Rebecca is now getting used to her lottery win of two years before and the lovely home she has created. Into this idyllic setting erupts Annabelle, seemingly determined to claim part of the luxury lifestyle. While dealing with this shock Sarah, Rebecca’s daughter, announces her own engagement. While delighted for her daughter in many ways, new problems emerge for Rebecca as she feels her own life needs a huge change. While seeking a new partner, she must fight off the all machinations of the terrible Annabelle, a terrifically well drawn character with breath-taking cheek, and deal with Sarah’s hopes for her special day. She is accidentally drawn to a lovely building which is crying out for help, and with her characteristic drive she makes dramatic plans for its sympathetic transformation. Predictably not everything goes to plan, as Butterfield once again brings her skills in creating characters and situations of such a realistic nature that it becomes a compelling read.

While this book contains more romance than the first, this is not a straightforward love story. It is funny, satirical and so detailed in its descriptions of the fortunes of Rebecca that there is much to recognise. Enjoyable, reassuring and well written, this is a book to savour in so many ways, satisfying and relatable in its humour and plot, sharp in its dealing with certain character. Recommended.

So two books, and two book reviews. Phew! I do like reviewing a variety of books – if only because there will be something for every one on this blog. Some books are easier to read than others, and sometimes it is tougher to keep up. February has lots of blog tours, but I am trying to reduce the number of books I am reviewing to a particular date. Meanwhile, remember that there is no such thing as too many books – just not enough bookshelves….


Oh, I Do Like To Be…by Marie Phillips – Misunderstandings at the Seaside with Shakespeare…

A strange but funny book, this is an extravagant farce involving one of the best known names in British history – or rather his clone, or two. It has an equally strange title as it is set in a seaside town, and is consequently full of references to the beach and rather sad Bed and Breakfast establishments. Not terribly scientific, but enormous fun as people run in and out of buildings, around the small town and generally avoid the truth for as long as possible, while creating misunderstandings at every step. After readings Phillips’ previous books, I was especially keen to take part in the blog tour for this book by offering a review.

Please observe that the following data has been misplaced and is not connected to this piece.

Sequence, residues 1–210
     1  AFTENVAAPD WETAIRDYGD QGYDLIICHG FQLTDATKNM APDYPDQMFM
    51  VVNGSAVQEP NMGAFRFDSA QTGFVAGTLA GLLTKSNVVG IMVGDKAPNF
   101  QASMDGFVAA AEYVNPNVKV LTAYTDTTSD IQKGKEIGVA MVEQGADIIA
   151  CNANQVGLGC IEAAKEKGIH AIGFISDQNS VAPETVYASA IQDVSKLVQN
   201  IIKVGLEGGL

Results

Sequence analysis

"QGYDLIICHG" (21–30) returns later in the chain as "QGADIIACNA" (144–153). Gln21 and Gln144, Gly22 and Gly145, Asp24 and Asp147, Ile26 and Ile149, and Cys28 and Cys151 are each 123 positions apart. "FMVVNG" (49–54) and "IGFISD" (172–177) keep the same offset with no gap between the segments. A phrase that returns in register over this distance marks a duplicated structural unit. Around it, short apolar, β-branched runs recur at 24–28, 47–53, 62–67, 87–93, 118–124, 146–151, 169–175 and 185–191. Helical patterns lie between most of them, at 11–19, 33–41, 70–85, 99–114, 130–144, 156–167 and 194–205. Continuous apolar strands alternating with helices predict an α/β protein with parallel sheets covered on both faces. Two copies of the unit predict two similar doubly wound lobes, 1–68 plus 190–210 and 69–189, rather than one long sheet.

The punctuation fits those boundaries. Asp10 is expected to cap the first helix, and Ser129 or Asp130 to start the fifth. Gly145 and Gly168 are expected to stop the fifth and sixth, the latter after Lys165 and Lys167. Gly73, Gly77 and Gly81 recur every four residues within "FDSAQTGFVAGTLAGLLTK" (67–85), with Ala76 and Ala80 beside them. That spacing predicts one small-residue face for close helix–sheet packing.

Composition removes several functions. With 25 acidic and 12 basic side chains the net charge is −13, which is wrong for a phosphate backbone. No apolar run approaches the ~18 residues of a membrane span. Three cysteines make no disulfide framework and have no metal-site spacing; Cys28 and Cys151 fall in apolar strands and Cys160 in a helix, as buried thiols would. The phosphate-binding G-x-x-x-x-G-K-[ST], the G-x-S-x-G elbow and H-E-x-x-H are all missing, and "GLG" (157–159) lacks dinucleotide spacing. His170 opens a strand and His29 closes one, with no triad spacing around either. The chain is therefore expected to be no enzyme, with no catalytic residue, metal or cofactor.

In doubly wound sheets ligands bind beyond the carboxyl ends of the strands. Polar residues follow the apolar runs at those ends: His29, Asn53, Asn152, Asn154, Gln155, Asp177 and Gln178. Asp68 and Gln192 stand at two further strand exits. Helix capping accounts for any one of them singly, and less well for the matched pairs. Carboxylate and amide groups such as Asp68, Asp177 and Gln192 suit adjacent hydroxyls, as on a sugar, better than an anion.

Billy and his sister Sally have just arrived in town. Within seconds we learn about their relationship; she is carrying the bulk of their luggage while Billy delicately pulls a suitcase. Billy tries to come up with observations of the rather tatty scenery, while soaking up the atmosphere and sending his evidently downtrodden sister off to find a place to stay. He is also fed up of whatever he has been doing, as he realises that despite his beginning as a clone of William Shakespeare, he can never create anything really memorable. He is vaguely in touch with his mother, but obviously she has had high expectations of his writing. When Sally returns, he is pleased to hear that she has found a place for them to stay, but is stunned to find a beautiful woman there, among a house full of books that she evidently assumes represent his well received writing. Meanwhile, the original newly arrived in town Sally has encountered Bill, the real owner of the house, husband of the beautiful Thadie, and successful writer. Confusion and much hilarity ensue, as no one seems to be sure who is truly who in a small town where personalities overlap and complications get more dramatic.

I enjoyed this book; it was a light read which I speeded through, while appreciating the characters. It was an intriguing concept; how would the greatest writer in the world truly fare when in the twenty first century? It is not a great literary novel, but a very human one about the problems that real people unintentionally get themselves into everyday, even if these are rather extreme. There are one or two set pieces that are particularly funny, despite the fact that the characters enduring them do not appreciate them at the time. The characters are consistent in their behaviour, and the rather tatty B&B is well described. There are always times when an easy to read book is the answer and for a well written light hearted read this book is highly recommended.